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Days and confused

October 14, 2013 - Rob Weaver
The message left on the office voicemail indicated a caller was confused as to the date of the open house planned at T. J. Willie's restaurant.

The first sentence from the story in Saturday's edition states, “After sustaining damage from a kitchen fire in May, T.J. Willie's plans to host an open house Thursday as the restaurant finishes preparations to reopen.”

So, yes, an open house is planned for this Thursday, two days hence, following a ribbon-cutting ceremony at 5:45 p.m.

The confusion stemmed from the open house preceding the likely opening date for the restaurant, which has been remodeling after a fire in the kitchen last May resulted in smoke and water damage. Pending final blessings from inspectors, the restaurant could open next Monday.

This misunderstanding offers an opportunity to explain how newspapers, and other news media, employ dates and days of the week. Simply put, if an event is at least seven days away from the date of publication, the calendar date is used. If an event is less than seven days away, the day of the week is used as reference.

The rule applies to events in the past as well as future.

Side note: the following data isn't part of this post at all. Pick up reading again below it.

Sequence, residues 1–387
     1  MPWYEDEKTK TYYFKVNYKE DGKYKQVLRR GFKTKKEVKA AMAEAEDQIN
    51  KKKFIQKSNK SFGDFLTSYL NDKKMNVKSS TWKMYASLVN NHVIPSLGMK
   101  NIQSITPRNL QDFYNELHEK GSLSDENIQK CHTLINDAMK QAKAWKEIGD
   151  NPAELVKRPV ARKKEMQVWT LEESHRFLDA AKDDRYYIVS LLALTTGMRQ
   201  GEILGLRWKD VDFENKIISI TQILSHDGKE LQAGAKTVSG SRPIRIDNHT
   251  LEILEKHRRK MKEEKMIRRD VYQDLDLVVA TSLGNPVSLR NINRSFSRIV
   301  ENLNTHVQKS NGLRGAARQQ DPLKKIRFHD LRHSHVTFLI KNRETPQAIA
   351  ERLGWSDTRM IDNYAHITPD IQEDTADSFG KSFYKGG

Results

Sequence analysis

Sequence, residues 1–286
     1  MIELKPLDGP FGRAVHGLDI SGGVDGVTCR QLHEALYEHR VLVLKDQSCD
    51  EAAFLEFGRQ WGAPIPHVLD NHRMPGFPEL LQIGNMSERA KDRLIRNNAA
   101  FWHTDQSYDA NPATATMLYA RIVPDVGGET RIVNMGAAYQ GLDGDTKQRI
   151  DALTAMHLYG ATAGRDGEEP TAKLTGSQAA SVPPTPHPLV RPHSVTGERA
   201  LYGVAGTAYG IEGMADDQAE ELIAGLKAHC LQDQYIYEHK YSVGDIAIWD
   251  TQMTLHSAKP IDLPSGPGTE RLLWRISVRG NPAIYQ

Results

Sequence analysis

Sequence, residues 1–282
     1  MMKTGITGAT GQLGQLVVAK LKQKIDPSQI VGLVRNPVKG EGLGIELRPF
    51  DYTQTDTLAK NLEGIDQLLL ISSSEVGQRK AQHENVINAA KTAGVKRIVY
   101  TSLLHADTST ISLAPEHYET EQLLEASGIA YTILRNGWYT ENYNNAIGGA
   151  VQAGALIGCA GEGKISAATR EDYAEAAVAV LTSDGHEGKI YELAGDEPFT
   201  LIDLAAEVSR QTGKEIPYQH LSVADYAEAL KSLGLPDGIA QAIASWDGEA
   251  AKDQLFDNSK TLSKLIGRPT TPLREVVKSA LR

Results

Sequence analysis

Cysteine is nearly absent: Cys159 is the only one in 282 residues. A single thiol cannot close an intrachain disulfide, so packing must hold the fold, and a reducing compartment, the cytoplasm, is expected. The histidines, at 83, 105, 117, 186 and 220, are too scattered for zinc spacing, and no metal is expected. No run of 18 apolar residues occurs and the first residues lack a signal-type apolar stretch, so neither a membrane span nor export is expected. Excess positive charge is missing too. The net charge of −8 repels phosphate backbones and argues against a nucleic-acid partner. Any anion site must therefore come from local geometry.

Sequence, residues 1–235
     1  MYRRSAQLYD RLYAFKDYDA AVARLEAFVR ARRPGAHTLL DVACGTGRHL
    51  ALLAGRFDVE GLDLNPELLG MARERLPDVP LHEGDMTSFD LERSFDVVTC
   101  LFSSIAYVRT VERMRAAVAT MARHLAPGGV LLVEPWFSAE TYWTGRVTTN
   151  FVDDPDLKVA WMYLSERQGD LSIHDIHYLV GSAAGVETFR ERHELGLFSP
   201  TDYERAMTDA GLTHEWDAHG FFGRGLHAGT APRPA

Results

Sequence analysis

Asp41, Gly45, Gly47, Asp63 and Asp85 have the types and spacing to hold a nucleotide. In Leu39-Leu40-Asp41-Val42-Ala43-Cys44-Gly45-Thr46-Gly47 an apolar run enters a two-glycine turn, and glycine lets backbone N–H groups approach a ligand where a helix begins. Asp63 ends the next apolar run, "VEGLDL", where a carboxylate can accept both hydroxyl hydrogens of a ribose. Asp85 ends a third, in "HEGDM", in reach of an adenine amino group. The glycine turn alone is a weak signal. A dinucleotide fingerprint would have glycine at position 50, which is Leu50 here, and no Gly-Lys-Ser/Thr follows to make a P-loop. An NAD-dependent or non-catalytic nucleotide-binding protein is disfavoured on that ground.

For example, a story in today's edition about a barn fire a day earlier began with the paragraph, “A firefighter was injured and a barn was destroyed in a Loudon Township fire Sunday afternoon.” And because the open house at T.J. Willie's was less than a week away, the story in Saturday's edition used the word “Thursday” as the time reference.

Again, for an event that happened a week or more earlier, or is to occur a week or more in the future, we'll use the date. For example, an article this week concerning the general election would refer to the “Nov. 5” election. After Oct. 29, however, news stories would reference the “Tuesday” election.

Oh, and while we may use the word “today” in news copy, we avoid using the words “yesterday” and “tomorrow.” And remember: Today is tomorrow's yesterday.


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